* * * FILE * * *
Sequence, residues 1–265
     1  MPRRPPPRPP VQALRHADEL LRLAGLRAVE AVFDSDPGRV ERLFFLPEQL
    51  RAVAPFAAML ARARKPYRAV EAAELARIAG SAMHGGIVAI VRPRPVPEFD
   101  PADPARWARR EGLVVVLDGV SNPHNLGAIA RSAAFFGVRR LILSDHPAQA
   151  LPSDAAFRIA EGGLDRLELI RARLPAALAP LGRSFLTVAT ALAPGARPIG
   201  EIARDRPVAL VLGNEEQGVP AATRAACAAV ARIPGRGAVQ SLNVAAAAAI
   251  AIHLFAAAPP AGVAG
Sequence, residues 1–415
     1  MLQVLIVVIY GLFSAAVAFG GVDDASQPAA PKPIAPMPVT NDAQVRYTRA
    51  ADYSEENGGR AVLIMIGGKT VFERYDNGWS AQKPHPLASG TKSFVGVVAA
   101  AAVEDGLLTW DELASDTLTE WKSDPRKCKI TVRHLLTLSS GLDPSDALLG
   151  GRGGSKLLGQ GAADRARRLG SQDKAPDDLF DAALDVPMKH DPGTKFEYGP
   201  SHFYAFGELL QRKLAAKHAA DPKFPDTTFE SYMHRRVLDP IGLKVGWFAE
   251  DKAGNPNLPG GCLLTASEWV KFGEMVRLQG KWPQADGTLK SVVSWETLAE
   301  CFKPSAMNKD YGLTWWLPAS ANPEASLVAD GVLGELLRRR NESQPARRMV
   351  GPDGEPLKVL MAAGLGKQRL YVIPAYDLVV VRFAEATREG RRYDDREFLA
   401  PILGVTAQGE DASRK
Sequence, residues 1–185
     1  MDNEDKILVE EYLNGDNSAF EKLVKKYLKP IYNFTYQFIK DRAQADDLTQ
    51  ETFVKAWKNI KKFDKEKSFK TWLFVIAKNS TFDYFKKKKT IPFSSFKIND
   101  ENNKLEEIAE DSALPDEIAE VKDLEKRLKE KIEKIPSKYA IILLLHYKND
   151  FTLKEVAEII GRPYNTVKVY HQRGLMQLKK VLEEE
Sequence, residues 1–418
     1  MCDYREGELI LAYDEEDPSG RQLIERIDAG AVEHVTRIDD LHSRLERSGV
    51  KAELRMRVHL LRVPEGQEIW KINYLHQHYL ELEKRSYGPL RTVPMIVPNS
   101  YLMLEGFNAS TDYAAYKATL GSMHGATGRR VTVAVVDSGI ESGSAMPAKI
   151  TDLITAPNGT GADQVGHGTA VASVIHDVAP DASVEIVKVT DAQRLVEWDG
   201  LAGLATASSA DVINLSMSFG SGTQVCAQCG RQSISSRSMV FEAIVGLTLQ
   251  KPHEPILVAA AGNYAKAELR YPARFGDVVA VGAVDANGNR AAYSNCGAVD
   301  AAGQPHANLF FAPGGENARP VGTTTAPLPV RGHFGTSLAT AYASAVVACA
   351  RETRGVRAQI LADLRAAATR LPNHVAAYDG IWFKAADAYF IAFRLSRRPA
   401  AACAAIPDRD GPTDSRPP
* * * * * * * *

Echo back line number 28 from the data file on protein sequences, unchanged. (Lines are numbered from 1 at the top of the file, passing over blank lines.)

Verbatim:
   201  LAGLATASSA DVINLSMSFG SGTQVCAQCG RQSISSRSMV FEAIVGLTLQ